The Taliban takeover: Reasons why India is worried5 min readReading Time: 4 minutes
Hours after the US military made its exit from Afghanistan — where it had kept troops for 20 long years — India made its first official contact with the Taliban.
A quick recap:
- On August 15, the Taliban, an Islamist religious-political group, took control of Kabul (capital of Afghanistan).
- The President of Afghanistan Ashraf Ghani has fled, and the Taliban does not want to negotiate any kind of deals with him.
- The US military, which was in Afghanistan for 20 years as part of the ’20-year war’, has withdrawn its troops.
- The Taliban has brought back (their version) Sharia law to Afghanistan, which takes away certain freedoms the country had been living with till now under the Afghan government.
- For a more detailed understanding, go through part 1 and part 2 of our special on what’s happening in Afghanistan. These articles will help you understand this piece better. Happy reading!
What did Indian and the Taliban discuss?
A meeting was held between the Ambassador of India to Kuwait Deepak Mittal and Sher Mohammad Abbas Stanekzai, who is the head of the Taliban’s political office. According to the Ministry of External Affairs — the government agency that looks into all foreign matters — “discussions focused on safety, security and early return of Indian nationals stranded in Afghanistan. The travel of Afghan nationals, especially minorities, who wish to visit India also came up.”
If things are so tense right now in Afghanistan, why did India meet the Taliban? What are some of the issues that have come up for Indian since the Taliban took control? Owliver answers these burning questions in this week’s Law and Order.
The terror issue
Discussing an important issue, which has been a cause for concern over the last few weeks, Ambassador Mittal said that Afghanistan soil should not be used for anti-Indian activities and terrorism in any manner. In response, the Taliban assured it would look into these matters.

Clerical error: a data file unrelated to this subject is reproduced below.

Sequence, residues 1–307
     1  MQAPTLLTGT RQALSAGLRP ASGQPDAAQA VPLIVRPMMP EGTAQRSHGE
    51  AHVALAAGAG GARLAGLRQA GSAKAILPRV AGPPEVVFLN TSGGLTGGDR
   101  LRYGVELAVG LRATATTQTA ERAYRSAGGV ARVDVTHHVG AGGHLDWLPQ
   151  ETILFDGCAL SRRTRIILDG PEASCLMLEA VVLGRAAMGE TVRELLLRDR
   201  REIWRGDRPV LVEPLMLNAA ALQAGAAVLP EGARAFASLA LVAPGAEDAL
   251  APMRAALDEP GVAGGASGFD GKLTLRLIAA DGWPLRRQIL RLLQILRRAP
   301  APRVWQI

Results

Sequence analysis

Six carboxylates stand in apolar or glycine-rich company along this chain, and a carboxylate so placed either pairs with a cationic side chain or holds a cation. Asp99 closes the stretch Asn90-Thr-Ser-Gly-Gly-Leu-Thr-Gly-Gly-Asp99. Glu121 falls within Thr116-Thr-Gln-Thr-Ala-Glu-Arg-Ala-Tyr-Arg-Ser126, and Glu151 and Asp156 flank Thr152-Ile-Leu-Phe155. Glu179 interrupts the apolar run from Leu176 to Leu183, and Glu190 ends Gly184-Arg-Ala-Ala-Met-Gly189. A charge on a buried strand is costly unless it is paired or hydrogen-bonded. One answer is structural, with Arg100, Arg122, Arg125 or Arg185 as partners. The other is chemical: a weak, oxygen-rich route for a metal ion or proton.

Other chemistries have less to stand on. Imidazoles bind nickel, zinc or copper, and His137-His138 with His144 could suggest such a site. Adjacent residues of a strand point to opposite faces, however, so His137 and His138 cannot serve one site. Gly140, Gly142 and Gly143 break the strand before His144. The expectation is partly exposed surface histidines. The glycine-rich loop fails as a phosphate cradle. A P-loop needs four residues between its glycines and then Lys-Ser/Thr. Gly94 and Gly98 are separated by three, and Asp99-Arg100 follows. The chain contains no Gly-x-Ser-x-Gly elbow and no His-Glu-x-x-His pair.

So why is India worried about possible ‘anti-India’ activities? This concern stems from the fact that the current situation in Afghanistan could give an upper hand to India’s long-standing rival – Pakistan.
Pakistan has had ties with the Taliban for years now. India fears that Pakistani militants could gain power and plan attacks on India from Afghanistan. The country had already received information that such groups were already making an entry into Afghanistan, which is why India decided to work fast and establish its own ties with the Taliban. India also evacuated its diplomats living in Afghanistan, and shut its embassy there.
The fear is that terror groups, such as the Al-Qaeda and the Islamic State, will become more powerful with the Taliban in power.
The Indian military, led by Chief of Defence Staff Gen Bipin Rawat, is expected to brainstorm on the impact of a Taliban regime in Afghanistan and its security ramifications on India soon.
An economic threat too
The other major setback for India with the Taliban taking over is the threat to all the investments the country has made in Afghanistan. Over the last two decades, India had been a partner to Afghanistan in building its infrastructure, education, medical resources, agriculture as well as power generation. India has invested $3 billion in Afghanistan. Many Indians have been involved in these projects, which includes the Shahtoot Dam on the Kabul River, on which work had just started. These projects are likely to be impacted or stopped, which means India would lose its investments.
The China angle
India and China share the world’s longest unmarked border, and tensions have been high ever since a June 2020 border clash left 20 Indian soldiers dead. India chose to retaliate off the battlefield, by banning dozens of Chinese-owned apps, such as TikTok. So, it’s safe to say that things are not smooth between the two countries.
Now this could mean trouble for India, as China has already held talks with the Taliban, and did invest much money in Afghanistan too.
China is interested in Afghanistan’s natural resources, such as lithium (used to make lithium-ion batteries), copper, coal, uranium, etc, and will work with the Taliban to get a hold of these, say experts.
Pakistan and China have been working together too as part of the China-Pakistan Economic Corridor to increase trade and connectivity in the region. India fears that the two countries together could work against it, and isolate it in all senses.
For India, this is a time to make smart decisions, maintain good relations and observe carefully before acting. Do you agree? Let us know in the comments!
Sources: NPR, Indian Express, News Laundry, Firstpost